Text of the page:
Editor’s note: Redline is pleased to bring our readers stories penned by the late Bob Wilson. As a longtime Colorado SCCA member, he witnessed a time when the line between club and pro racing was blurred and road racing was still an “extreme sport”, yet to be established in the U.S. Those halcyon days are worthy of a reprint and Redline Magazine appreciates his estate providing permission to do so.
Anytime I hear an old timer sitting around extolling the virtues of days gone by, I always wonder just how good they really were. Well here I am firmly established in the land of Old Fartism and people keep telling me I should begin recording my memories of (drum roll please) THE GOOD OLD DAYS.
Let me begin by assuring you that they weren’t all good. Some of our days in the SCCA have been very bad indeed. Fortunately those are in the minority. In this first installment, I will wax somewhat autobiographical for a short while, to sort of establish myself in your minds as the type of person who would spend 30 years around this wacky pastime of ours.
I was born on a farm in South Kansas. Hard to imagine a spot more isolated from motor sports, but then during the 30’s if an Allis Chalmers tractor couldn’t do it, then it wasn’t motorsports. At a very young age I had to fight the dreaded polio virus. I lost and that’s why I limp. Nuff said about that! Almost from the very beginning, I was an unqualified motor head. I always read a lot and as much as possible about cars and planes. Cars won, but I still love planes, especially WWII bombers and fighters. Fast forward to the 50’s. As soon as such magazines as Motor Trend and Road & Track came out, I began buying them and entered the wonderful world of Bugatti; Ferrari; Alfa Romeo; Mercedes; Ascari, Fangio, Moss; Shelby and all the rest. I still have most of those old mags and they make an interesting reference library for refreshing ones memory of bygone events. Someday maybe, I’ll sell them to a good home.
Sometime around mid ’52, a girlfriend introduced me to a friend who was a dark haired, sparkly eyed, chick with great legs named Ila. This girlfriend quickly faded into the middle distance, and Ila soon became my friend, lover, confidant and adversary for life. We had two kids, Daryl, now a family man, SCCA racer and also motor head (naturally), and Deane Ann, who tragically died in 1985 at age 32, five grandkids, Amy, Tony, Howie, Shelly and Nikki and now miraculously, a great grandson Ronald. As most of you know, Howie has lived with us since his mother died and has now changed his name to the same as ours.
I think that’s enough of the biography, so let’s get on to the good old days of motorsports. I remember well the first sports car race I ever saw. In 1956, two friends and I drove from Wichita to Dodge City to see the highly publicized SCCA road races. The course was laid out on an abandoned WWII air base, long straights and wide corners. Of course the surface was breaking up real bad, but this didn’t seem to daunt the hardy souls in the race cars. Here was an interesting mix of cars with lots of Mgs-TC’s; TD’s and a few of the new MGA’s, many Jaguar’s-XK 120s & 140’s; Triumph TR2’s; Austin Healy’s and even a few of the magnificent Mercedes 300SL’s. One car stands out in my memory of the production race. This was the first well prepared Corvette I’d ever seen with V8 and four speeds- this car handily beat all the production field.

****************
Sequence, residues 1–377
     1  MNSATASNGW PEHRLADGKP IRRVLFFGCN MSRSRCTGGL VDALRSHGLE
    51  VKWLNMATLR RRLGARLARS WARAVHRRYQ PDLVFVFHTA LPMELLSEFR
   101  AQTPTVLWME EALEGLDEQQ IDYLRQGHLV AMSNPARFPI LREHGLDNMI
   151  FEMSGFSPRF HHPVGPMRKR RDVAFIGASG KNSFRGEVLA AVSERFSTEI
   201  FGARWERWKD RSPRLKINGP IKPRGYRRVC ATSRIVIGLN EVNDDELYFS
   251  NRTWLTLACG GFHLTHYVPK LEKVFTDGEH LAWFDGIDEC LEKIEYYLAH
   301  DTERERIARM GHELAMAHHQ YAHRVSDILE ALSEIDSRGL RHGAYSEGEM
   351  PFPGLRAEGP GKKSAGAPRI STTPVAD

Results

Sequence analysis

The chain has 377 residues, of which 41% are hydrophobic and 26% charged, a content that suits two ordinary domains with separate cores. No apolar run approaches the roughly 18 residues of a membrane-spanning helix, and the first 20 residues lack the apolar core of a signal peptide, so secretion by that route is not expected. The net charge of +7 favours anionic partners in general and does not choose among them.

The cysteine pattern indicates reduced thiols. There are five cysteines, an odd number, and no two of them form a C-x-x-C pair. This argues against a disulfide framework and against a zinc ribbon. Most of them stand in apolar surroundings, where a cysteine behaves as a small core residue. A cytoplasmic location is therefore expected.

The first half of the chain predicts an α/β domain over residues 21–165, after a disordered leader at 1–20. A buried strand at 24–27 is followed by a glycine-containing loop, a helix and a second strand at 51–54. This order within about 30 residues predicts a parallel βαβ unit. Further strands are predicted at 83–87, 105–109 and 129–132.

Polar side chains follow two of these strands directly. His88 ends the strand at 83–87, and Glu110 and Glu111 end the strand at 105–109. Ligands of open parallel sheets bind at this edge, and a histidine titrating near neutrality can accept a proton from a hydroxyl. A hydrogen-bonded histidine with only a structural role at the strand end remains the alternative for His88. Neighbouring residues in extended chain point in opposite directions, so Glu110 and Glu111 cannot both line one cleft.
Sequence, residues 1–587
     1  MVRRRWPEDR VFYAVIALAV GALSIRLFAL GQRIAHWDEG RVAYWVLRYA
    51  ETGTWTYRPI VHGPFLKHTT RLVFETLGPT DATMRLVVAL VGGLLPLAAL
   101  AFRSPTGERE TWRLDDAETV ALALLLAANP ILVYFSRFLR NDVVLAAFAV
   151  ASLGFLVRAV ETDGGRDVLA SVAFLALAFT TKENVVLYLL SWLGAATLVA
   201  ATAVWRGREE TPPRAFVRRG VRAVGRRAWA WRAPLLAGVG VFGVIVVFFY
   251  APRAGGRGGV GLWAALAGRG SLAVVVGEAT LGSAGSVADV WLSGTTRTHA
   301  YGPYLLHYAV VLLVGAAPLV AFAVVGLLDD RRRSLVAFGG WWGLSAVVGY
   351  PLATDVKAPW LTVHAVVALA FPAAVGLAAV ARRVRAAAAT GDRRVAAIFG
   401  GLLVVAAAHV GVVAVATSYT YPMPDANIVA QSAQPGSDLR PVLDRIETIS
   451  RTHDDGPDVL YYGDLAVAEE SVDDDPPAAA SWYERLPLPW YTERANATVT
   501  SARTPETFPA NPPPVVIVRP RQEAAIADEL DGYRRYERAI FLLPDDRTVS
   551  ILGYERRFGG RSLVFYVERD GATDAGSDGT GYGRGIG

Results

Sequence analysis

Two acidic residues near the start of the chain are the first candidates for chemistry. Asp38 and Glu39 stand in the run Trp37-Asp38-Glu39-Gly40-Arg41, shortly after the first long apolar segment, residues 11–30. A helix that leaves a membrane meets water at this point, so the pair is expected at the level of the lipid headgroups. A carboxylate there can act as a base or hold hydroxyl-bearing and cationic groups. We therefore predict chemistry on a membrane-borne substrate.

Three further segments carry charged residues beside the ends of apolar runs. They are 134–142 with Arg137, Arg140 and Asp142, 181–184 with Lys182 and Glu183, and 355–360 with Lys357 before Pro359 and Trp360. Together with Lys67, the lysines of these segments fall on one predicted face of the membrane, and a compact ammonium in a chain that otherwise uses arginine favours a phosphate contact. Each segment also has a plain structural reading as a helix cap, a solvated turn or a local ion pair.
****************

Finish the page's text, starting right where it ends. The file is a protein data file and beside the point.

The small modified classes were skimpy and I remember that a Cooper, with the tail chopped flat in back was the fastest. Jack Hinkle had a strange little special powered by an Offy engine, but that combination didn’t work very well. The feature race of the day contained the factor that has this day burned indelibly into my mind. There were five (count ‘em) first-class Ferraris present that day and the wonderful blanket of sound laid down by those magnificent engines is still etched in my mind as clearly as if it were yesterday. The long straights gave them plenty of room to get up to full song. These cars were driven by some of the best of their time. Our own Danny Collins had his lovely little 2 liter car there, though I didn’t know him at that time. Another was driven by a journeyman driver by the name of Dale Duncan, but the big names were Masten Gregory and Carroll Shelby. Shelby won the race wearing his striped overalls and according to the roar of the crowd, it was a very popular victory.
A few years ago I was talking with Carroll and I mentioned that race and he remembered it quite well. When I bragged on the great sounds the Ferraris made, he laughed and said, “Well you probably couldn’t pick mine out from the V-12s, but it was a four-banger Testarossa and it sounded like pouring rocks into a tin bucket!” Sounds like ol’ Shel, don’t it?
Well I believe this is a good place to stop on this installment. Tune in next month.